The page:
[8] https://www.ncbi.nlm.nih.gov/pubmed/26179181

[9] https://www.ncbi.nlm.nih.gov/pmc/articles/PMC5699204/

[10] https://www.ncbi.nlm.nih.gov/pubmed/25598314

[11] https://www.ncbi.nlm.nih.gov/pmc/articles/PMC6574559/

[12] https://www.ncbi.nlm.nih.gov/pmc/articles/PMC3593065/

[13]https://www.academia.edu/39642382/Passionflower_extract_improves_diurnal_quality_of_life_in_Japanese_subjects_with_anxiety_A_randomized_placebo-controlled_double-_blind_trial

[14]https://www.ncbi.nlm.nih.gov/pubmed/17513421

[15] https://www.ncbi.nlm.nih.gov/pubmed/17182482

[16] https://www.ncbi.nlm.nih.gov/pmc/articles/PMC3746283/

[17] https://scialert.net/fulltext/?doi=jbs.2014.77.94

[18] https://www.ncbi.nlm.nih.gov/pubmed/18296328

[19] https://www.ncbi.nlm.nih.gov/pubmed/23439798

[20] https://www.ncbi.nlm.nih.gov/pubmed/20382514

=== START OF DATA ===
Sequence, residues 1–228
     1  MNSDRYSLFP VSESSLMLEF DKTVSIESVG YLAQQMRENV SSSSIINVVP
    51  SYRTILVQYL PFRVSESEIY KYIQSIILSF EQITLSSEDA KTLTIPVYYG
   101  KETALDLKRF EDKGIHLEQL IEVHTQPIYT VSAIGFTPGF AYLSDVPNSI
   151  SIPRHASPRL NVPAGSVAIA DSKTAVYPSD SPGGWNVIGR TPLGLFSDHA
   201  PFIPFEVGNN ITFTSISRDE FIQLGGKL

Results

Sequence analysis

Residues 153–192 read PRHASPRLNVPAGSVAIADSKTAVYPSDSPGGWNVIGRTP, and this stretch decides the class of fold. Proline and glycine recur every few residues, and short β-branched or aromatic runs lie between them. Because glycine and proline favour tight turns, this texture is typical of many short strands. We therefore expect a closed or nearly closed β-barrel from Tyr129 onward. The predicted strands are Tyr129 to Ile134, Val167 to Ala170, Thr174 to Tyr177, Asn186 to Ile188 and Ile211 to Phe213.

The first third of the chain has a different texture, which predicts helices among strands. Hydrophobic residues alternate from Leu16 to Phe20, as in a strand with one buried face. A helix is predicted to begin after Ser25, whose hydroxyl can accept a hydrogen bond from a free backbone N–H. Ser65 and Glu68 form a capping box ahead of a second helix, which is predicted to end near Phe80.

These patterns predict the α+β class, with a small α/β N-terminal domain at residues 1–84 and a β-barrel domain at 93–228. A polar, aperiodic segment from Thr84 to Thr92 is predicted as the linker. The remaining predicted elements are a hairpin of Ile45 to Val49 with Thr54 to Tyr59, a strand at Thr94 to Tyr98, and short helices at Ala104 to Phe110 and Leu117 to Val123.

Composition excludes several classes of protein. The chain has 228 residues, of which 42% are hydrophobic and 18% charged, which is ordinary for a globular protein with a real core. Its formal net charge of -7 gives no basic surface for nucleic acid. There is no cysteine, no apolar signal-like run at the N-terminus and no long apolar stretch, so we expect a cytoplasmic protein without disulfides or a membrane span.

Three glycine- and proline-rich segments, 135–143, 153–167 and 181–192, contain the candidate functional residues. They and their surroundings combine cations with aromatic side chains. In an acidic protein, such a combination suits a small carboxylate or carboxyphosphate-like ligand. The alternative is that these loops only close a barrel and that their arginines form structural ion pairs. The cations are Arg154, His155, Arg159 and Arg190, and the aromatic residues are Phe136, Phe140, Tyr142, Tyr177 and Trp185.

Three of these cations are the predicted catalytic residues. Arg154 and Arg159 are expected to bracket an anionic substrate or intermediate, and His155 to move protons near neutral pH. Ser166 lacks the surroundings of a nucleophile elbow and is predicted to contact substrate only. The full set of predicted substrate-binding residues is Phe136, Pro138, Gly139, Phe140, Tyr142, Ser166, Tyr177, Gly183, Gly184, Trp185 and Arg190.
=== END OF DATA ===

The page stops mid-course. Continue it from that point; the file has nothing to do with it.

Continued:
[21] https://www.psychologytoday.com/gb/blog/sleep-newzzz/201708/what-you-need-know-about-l-theanine

[22] https://www.sciencedirect.com/topics/agricultural-and-biological-sciences/norepinephrine

[23] https://link.springer.com/article/10.1007/s00426-017-0957-4

[24] https://www.ncbi.nlm.nih.gov/pubmed/29325481

[25] https://www.ncbi.nlm.nih.gov/pubmed/18611150

[26] https://www.ncbi.nlm.nih.gov/pubmed/28115973

[27] https://www.ncbi.nlm.nih.gov/pmc/articles/PMC2695184/

[28] https://www.ncbi.nlm.nih.gov/pmc/articles/PMC5172536/

[29] https://www.ncbi.nlm.nih.gov/pmc/articles/PMC3537209/

[30] https://www.ncbi.nlm.nih.gov/pubmed/26179181

[31] https://www.ncbi.nlm.nih.gov/pubmed/18681988

[32] https://www.ncbi.nlm.nih.gov/pmc/articles/PMC6366437/

[33] https://www.ncbi.nlm.nih.gov/pmc/articles/PMC2941540/